Thursday, October 31, 2019

‘If Someone is for Putin, He isn’t a Russian Nationalist,’ Pskov’s Pavlov Says

Paul Goble

            Staunton, October 28 – Georgy Pavlov, the longtime leader of Russian nationalists in Pskov who gained notoriety for his attacks on liberal Russian politicians and spent time in prison for sparking inter-ethnic hostility, now has changed his tune: he is ready to work with the liberals and anyone else to challenge Putin and end the incarceration of all who think differently.

            His evolution has been striking. In 2012, Pavlov was talking about purity of blood and demanded a purely Russian state. In 2014, he backed Putin’s aggression against Ukraine and called upon prosecutors to check out Pskov Yabloko leader Lev Shlosberg. But he has now dropped his earlier slogans and is focused on ending the imprisonment of people for their views.

            “Political prisoners are ow the most important item on the agenda,” he tells Lyudmila Savitskaya of MBK news. Now the regime is cracking down on all those who are against the regime, and those who are must come together to oppose and ultimately over throw it (

            Divisions among Russian nationalists emerged after the annexation of Crimea, Pavlov continues; and it was at that time that he began his own political evolution from the man who was known in the oblast as “Gosha the Aryan” who urged the use of physical violence against immigrants and liberals to a defender of political freedoms and human rights.   

            The reformed Russian nationalist says is earlier attitudes reflected “youthful maximalism. It is just the case,” he says, “that at that time I was more radical and now I have become more moderate.  Now, I do not see many of the activists of that time among the opposition and at actions.”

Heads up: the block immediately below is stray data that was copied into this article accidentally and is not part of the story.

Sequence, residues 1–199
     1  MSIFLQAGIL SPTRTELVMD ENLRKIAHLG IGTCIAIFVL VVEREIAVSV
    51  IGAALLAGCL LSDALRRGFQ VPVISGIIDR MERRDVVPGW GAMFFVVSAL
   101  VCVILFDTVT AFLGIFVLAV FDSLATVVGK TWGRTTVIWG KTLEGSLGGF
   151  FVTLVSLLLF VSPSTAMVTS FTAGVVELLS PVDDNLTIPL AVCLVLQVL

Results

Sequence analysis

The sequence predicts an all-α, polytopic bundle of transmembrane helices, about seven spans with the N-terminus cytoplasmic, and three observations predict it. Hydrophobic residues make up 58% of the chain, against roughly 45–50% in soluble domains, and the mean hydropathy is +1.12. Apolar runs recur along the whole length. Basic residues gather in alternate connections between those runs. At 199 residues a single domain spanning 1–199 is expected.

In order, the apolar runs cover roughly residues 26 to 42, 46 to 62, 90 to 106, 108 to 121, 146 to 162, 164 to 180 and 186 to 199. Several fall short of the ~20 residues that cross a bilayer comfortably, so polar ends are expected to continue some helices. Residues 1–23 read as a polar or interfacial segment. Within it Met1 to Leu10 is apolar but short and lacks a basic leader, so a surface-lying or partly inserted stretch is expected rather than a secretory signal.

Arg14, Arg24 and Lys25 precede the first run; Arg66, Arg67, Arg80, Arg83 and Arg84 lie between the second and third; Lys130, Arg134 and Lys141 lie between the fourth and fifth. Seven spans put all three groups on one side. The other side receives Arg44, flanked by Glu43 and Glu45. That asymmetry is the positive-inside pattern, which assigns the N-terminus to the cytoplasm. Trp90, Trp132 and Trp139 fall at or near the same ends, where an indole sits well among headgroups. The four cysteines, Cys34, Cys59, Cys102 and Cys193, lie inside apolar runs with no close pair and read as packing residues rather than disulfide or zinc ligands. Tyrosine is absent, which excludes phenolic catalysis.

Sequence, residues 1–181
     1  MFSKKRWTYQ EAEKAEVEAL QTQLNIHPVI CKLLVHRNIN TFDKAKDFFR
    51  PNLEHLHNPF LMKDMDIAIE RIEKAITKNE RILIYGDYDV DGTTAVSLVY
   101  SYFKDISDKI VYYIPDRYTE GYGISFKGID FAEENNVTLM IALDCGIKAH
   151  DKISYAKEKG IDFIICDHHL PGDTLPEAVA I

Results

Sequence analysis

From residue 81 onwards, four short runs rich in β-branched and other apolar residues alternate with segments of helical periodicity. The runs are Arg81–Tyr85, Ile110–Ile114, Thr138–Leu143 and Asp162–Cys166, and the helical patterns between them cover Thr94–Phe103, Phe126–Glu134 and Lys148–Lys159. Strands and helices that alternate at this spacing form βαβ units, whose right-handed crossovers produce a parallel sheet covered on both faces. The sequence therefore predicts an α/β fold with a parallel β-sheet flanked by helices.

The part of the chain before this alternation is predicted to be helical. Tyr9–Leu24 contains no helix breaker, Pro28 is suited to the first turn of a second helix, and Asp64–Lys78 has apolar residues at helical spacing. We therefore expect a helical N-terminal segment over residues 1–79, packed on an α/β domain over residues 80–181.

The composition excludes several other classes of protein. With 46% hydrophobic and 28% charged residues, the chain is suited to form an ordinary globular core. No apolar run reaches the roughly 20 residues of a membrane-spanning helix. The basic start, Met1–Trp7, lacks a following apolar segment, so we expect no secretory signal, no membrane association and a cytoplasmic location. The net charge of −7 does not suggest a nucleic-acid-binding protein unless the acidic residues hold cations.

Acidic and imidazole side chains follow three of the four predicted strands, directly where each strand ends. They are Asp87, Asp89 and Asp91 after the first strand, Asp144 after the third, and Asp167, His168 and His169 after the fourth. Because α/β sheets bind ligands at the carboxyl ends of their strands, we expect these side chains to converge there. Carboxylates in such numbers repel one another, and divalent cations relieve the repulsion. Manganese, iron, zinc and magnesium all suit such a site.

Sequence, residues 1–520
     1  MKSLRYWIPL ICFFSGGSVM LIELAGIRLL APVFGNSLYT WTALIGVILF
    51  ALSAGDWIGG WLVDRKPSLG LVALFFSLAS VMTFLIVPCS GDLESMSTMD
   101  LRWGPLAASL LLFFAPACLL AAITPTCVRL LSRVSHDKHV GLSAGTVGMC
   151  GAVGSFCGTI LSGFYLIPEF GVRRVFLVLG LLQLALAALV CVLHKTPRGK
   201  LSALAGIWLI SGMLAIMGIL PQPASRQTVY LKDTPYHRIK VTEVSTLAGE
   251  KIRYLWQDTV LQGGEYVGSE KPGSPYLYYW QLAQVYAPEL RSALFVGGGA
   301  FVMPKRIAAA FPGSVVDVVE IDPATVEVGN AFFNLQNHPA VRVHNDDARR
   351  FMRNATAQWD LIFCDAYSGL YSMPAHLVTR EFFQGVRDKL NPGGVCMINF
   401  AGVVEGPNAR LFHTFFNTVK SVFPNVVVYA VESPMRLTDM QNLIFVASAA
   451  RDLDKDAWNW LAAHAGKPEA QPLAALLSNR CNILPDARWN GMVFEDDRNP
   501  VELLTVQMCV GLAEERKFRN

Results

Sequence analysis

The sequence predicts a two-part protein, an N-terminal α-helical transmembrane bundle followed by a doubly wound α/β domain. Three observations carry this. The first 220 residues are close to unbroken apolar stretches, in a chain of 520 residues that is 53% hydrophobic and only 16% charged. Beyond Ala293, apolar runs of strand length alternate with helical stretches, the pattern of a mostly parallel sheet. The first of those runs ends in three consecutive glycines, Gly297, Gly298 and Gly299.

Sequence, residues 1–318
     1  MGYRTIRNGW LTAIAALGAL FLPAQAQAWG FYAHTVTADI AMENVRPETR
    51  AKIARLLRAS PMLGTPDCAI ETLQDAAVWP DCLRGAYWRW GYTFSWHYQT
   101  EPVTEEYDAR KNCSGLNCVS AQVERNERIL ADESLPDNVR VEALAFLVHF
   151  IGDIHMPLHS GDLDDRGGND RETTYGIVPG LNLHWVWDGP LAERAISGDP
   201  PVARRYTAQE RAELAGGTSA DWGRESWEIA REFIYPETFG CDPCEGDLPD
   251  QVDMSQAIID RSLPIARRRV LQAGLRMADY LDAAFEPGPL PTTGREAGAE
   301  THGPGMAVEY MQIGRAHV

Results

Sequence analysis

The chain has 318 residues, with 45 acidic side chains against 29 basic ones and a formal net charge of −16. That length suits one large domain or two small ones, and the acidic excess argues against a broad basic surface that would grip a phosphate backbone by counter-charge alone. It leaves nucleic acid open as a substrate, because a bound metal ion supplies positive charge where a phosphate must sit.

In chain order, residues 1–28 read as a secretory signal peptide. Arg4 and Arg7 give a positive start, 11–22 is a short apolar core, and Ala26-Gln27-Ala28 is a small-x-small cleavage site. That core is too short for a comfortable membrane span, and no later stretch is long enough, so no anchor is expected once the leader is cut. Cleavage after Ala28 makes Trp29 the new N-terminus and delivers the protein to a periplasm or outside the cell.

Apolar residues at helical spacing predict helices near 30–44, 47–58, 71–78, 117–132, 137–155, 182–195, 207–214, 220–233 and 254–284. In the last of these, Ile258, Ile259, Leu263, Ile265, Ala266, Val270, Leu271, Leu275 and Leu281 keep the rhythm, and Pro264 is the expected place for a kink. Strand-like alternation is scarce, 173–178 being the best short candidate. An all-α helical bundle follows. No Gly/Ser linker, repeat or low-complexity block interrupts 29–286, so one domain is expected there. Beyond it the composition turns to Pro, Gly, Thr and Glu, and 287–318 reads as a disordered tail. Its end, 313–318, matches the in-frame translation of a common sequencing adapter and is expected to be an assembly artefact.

By 2017, he had made the retirement of Putin and his government the centerpiece of his movement and thus attracted support from Navalny’s supporters and from Open Russia.  Pavlov says he backs Navalny’s call to do away with Articles 280 and 282 of the Russian criminal code that allow the state to punish people for their views.

Pavlov still believes that the current regime is destroying the ethnic Russians and keeping natives of the country out of positions of power.  And he says bluntly: “If someone is for Putin, then he isn’t a nationalist” because the Putin regime is working against the Russian nation.

It is possible, he concludes, that a Putin supporter may be a patriot or a monarchist but there is no chance that he is a Russian nationalist, committed to the best interests of the Russian people.

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